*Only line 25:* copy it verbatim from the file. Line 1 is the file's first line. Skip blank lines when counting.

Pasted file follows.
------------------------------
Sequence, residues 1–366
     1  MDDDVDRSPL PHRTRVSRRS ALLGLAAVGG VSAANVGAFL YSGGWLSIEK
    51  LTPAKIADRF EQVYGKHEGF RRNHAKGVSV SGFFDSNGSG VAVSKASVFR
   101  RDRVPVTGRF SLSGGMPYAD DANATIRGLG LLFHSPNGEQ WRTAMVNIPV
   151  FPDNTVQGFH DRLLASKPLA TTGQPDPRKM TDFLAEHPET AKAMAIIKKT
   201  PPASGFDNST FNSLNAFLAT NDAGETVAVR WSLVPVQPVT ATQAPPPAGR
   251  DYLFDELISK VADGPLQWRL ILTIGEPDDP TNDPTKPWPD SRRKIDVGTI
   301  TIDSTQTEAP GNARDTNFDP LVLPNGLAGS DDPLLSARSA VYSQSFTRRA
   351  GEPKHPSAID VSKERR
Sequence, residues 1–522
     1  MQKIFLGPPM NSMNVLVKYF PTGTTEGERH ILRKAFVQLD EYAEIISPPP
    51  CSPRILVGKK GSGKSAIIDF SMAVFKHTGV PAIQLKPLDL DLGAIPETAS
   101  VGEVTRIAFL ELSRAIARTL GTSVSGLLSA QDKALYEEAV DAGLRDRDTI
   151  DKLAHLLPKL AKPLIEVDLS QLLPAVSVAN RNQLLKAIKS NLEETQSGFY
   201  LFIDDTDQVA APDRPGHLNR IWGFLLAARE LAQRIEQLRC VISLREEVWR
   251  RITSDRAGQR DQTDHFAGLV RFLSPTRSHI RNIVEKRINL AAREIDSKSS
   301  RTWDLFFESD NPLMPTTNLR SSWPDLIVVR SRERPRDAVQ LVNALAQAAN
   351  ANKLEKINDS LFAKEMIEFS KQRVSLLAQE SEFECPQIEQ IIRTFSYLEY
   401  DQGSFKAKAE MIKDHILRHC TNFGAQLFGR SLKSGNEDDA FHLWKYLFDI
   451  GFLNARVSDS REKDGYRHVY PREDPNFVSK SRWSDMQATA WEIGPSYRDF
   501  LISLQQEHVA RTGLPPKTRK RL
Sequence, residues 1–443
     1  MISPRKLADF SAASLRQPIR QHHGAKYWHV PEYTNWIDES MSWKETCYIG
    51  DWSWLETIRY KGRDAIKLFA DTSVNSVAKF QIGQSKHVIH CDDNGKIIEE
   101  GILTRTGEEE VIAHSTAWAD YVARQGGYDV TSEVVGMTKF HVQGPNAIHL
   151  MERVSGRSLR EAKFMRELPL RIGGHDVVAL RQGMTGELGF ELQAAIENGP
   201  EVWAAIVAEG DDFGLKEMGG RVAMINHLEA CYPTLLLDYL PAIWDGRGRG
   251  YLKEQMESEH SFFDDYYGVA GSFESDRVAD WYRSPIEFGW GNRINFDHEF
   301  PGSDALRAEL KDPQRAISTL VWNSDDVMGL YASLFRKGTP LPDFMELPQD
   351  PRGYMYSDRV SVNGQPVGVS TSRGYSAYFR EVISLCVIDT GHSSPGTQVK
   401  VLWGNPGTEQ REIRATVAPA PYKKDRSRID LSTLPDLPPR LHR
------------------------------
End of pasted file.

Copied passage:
   101  GILTRTGEEE VIAHSTAWAD YVARQGGYDV TSEVVGMTKF HVQGPNAIHL